When Duncanville City Council approved six Capstones for the city’s Future Vision, one of their six goals was to have the “most engaged citizens in America.” Duncanville City Council and City management were happy to see this vision become a reality the past few months, and especially during the last two weeks. Hundreds of residents joined together to express their love and support for an undeveloped, 48-acre gem along Ten Mile Creek. The tract is often referred to as the Hamilton/Ladd tract.
Ten Mile (Tenmile) Creek rises just inside the northern corporate limits of Cedar Hill in southwestern Dallas County. The creek runs southeast for 25½ miles to its mouth on the Trinity River, 1½ miles north of the Ellis county line. It flows through the city limits of Cedar Hill, Duncanville, De Soto, Lancaster, Wilmer, and Ferris.
Engaged Citizens Attend Duncanville Council Meetings
Several hundred citizens showed up at the March 1 City Council meeting to support their petition, asking to keep the tract in its natural state and available to the public. The Council called a special meeting for March 7, to respond directly to the citizens’ concerns for the site located off Cedar Hill, Danieldale, and Santa Fe Roads. A presentation by the City Manager and Economic Development Director started the meeting, outlining the history of the property both before and after it was deeded to the City in 1998.
Duncanville City Attorney Robert Hager then explained to the Council and the 120 citizens attending the special meeting that the petition, unfortunately, didn’t comply with the City Charter.
Mayor Barry L. Gordon said, “We, the Council and citizens, appreciate the effort of City staff who provided us a historical perspective of the site as well as a path to move forward. Council and I also appreciate the inspired initiative demonstrated by our residents. Although the petition itself did not prove successful, Duncanville residents were listened to!”
Duncanville City Manager Provides Options
Duncanville City Manager Aretha R. Ferrell-Benavides then outlined several options that could provide a solution. The property could be donated to an educational organization, or given to a nonprofit group or foundation, one that would take responsibility for maintaining the property. After more discussion by Council, the residents were excited to receive a unique opportunity. The initiative allows them to work together, forming a nonprofit to own and operate the site in the way they envision.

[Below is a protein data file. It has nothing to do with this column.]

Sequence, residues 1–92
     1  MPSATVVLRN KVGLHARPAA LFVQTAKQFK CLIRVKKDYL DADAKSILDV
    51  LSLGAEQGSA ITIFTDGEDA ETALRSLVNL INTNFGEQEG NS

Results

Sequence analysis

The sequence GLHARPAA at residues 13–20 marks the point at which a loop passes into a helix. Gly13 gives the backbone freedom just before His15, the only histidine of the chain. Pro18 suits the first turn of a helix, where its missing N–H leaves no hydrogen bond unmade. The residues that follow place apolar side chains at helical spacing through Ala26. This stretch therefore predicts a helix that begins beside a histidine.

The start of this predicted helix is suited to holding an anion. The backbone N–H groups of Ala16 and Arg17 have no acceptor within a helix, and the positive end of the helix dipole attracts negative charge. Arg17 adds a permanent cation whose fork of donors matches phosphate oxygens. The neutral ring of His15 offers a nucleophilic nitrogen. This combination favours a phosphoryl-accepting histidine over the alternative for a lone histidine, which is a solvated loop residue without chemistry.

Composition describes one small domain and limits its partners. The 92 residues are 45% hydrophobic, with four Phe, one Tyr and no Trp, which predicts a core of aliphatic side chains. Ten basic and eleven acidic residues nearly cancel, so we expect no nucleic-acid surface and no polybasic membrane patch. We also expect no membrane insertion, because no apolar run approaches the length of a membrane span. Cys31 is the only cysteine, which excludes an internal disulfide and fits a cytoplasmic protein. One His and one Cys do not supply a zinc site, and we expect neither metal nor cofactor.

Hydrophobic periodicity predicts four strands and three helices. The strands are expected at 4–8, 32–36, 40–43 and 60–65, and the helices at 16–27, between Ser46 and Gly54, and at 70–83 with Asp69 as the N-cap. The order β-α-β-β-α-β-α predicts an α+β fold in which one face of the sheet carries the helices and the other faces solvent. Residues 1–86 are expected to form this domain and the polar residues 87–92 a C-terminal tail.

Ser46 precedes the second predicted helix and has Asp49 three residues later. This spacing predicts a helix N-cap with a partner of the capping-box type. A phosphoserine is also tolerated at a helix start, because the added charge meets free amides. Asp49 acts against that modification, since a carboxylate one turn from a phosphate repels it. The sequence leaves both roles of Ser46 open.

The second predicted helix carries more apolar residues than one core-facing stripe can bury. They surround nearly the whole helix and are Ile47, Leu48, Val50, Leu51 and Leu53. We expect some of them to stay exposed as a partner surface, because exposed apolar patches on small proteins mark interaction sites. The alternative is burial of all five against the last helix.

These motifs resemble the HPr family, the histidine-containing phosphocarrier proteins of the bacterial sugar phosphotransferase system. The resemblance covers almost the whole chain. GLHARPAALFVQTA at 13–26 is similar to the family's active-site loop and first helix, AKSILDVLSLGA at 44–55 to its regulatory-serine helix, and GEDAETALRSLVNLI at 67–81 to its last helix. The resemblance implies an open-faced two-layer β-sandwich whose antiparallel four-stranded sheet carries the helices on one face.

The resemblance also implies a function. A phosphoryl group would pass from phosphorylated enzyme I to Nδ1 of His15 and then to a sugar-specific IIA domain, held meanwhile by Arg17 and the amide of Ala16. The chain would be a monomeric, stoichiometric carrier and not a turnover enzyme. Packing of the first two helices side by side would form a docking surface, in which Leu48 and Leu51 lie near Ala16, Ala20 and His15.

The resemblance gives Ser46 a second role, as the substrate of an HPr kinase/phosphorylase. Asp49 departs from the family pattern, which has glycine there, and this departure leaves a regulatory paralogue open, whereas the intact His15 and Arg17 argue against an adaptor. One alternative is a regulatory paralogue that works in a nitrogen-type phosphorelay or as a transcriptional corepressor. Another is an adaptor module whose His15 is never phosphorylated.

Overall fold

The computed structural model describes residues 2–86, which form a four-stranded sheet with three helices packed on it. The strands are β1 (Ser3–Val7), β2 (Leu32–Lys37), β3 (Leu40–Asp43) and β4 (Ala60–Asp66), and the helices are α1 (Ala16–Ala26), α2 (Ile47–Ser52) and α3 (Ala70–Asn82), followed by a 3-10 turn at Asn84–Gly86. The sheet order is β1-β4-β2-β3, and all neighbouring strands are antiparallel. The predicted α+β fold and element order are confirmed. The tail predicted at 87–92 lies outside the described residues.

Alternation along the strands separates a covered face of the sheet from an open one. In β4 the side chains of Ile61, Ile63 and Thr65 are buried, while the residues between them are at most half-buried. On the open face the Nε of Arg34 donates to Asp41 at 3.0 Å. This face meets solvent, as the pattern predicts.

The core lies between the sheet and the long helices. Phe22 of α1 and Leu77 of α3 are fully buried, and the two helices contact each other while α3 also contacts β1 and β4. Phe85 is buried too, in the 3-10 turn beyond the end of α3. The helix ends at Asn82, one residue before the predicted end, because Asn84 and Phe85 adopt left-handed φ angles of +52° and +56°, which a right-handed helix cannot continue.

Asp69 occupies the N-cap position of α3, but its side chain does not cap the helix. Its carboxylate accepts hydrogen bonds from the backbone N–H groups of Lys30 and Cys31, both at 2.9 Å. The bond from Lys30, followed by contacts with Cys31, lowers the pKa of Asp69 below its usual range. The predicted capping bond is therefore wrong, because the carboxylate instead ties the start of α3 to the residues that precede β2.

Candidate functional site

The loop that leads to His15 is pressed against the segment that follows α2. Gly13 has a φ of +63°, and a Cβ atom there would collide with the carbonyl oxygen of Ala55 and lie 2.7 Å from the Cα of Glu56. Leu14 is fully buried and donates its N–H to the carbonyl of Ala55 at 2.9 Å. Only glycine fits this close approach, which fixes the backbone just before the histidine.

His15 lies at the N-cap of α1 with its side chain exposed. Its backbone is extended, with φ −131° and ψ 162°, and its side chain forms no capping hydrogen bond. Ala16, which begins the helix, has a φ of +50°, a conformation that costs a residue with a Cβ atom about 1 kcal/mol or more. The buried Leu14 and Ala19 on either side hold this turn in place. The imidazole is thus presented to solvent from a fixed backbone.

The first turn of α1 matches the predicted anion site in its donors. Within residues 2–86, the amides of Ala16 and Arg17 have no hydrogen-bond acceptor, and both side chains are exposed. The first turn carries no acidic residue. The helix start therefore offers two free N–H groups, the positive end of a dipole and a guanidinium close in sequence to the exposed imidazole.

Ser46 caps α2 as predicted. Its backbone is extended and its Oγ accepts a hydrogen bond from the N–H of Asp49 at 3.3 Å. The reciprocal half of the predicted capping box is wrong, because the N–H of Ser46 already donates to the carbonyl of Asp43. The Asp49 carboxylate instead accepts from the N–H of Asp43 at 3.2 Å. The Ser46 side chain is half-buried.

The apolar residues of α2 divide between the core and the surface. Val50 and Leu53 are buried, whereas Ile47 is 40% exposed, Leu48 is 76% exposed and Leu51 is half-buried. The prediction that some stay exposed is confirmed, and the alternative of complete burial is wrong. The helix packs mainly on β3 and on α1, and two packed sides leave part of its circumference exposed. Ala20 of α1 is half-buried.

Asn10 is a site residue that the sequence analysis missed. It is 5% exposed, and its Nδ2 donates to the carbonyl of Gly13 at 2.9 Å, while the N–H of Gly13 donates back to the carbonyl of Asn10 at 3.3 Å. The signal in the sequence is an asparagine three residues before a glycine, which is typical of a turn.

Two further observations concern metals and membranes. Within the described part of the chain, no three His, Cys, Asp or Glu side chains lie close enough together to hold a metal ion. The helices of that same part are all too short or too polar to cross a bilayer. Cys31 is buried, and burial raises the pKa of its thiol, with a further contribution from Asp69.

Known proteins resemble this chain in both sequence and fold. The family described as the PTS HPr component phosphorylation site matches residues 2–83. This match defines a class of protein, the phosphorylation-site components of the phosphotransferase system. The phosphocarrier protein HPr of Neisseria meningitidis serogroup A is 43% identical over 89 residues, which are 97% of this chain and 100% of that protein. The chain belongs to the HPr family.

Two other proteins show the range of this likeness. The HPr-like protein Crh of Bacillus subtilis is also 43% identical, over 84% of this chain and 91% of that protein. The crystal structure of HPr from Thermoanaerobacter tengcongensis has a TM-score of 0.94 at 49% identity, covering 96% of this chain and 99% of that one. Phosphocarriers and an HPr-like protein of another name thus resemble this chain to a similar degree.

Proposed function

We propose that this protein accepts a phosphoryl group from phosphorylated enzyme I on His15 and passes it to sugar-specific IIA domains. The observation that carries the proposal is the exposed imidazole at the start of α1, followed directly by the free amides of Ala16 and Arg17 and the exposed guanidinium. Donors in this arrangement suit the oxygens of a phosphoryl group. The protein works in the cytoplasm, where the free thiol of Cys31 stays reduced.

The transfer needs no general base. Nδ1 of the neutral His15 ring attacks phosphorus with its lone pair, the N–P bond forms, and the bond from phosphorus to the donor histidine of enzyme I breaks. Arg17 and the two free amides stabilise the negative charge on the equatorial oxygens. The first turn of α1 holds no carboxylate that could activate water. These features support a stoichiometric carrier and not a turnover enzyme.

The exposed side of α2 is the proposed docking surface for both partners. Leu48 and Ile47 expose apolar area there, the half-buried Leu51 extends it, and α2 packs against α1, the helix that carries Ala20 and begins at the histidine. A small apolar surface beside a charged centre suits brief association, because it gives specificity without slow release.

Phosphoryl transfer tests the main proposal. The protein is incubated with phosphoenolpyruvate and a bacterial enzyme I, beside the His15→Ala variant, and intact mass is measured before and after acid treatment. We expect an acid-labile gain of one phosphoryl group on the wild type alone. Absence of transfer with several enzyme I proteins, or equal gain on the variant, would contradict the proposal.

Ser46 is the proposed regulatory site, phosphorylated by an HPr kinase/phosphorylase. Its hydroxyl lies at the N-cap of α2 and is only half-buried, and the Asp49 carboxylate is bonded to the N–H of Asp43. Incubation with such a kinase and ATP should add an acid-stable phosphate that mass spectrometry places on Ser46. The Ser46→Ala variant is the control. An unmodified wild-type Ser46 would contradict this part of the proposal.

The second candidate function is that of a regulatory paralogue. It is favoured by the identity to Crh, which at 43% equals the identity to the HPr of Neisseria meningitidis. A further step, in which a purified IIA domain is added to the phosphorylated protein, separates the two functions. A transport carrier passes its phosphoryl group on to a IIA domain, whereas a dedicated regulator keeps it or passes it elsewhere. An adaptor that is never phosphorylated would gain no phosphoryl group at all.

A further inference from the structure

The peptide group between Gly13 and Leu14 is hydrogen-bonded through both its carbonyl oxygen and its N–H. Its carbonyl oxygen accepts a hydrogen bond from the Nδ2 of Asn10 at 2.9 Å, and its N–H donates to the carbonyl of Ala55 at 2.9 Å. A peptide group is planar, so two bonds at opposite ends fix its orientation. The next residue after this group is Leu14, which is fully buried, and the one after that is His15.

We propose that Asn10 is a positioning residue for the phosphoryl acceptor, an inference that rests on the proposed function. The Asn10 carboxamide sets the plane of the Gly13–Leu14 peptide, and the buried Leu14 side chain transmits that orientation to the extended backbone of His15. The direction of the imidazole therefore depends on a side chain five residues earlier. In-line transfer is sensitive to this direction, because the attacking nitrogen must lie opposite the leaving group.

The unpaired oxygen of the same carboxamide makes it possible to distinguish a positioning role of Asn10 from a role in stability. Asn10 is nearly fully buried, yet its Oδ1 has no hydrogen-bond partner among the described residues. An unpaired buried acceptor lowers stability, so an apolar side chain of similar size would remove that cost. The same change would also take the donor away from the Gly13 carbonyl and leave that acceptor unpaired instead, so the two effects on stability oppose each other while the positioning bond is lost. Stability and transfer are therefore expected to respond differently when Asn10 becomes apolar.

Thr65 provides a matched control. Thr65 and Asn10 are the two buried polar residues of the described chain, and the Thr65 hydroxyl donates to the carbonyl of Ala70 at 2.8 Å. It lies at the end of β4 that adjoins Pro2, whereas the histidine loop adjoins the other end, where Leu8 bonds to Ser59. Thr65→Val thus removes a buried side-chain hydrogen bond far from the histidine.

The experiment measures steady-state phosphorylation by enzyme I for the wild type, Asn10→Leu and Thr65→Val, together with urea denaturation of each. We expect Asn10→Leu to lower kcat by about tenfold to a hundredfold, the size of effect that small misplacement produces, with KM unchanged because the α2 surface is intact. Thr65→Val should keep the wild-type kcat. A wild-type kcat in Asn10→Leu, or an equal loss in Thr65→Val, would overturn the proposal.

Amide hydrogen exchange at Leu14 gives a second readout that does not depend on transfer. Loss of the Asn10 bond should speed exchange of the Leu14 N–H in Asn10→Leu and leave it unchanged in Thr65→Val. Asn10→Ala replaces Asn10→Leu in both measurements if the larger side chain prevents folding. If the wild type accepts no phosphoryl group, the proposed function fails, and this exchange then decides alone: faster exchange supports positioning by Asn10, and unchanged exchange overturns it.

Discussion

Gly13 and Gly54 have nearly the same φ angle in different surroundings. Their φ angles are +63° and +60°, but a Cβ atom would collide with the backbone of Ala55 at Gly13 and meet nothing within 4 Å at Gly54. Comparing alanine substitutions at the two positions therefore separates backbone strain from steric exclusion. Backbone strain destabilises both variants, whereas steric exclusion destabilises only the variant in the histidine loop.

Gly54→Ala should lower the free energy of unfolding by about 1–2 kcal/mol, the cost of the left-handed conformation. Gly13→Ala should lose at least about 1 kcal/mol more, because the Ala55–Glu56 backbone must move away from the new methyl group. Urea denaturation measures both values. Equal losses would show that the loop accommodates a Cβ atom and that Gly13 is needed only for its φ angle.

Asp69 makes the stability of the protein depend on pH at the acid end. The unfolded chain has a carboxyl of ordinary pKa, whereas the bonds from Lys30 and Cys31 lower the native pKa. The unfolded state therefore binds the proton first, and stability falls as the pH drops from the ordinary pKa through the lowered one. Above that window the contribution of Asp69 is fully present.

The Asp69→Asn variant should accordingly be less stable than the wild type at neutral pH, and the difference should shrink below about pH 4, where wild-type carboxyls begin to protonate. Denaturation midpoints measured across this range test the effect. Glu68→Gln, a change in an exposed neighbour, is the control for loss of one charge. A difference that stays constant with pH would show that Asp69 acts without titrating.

City Manager Ferrell-Benavides said, “I have been a longtime advocate for increased community engagement in local government. The demonstration of a united voice on this issue is remarkable and inspiring. I hope that it is the beginning of a trend where involved citizens in our community come together to make a difference.”
Over the next few weeks, a group of 13 citizens will review options for future use and preservation of the land. The group will consist of seven members appointed by the Council and six representatives from the preservation advocacy groups. Together, they will make a presentation to the City Council for approval.
Economic Development Includes Open Spaces
“As I have previously presented, good economic development utilizes the community’s collective voice to determine the best future for our city,” said Gus Garcia, Managing Director of Development Services. “Many people think that economic development is only brick and mortar. However, successful economic development includes open spaces and maintaining protected natural resources.”
The undeveloped tract formerly belonged to the late Judge Hamilton and was part of the family’s ranch. In 1998, the property was deeded to the City of Duncanville by the current owners, the Ladd family, with deed restrictions requiring that 51% of the property should remain as a green space. At one time the Dr. Pepper Star Center was planned for a portion of the property. However, the company decided to move to another Duncanville location, which is now the site of the Duncanville Field House on Main Street at State Highway 67.
The Ladd Preservation Advocacy group and Duncanville City Council are expected to submit their recommendations for commission representatives to the City Manager and her staff within the next 30 days.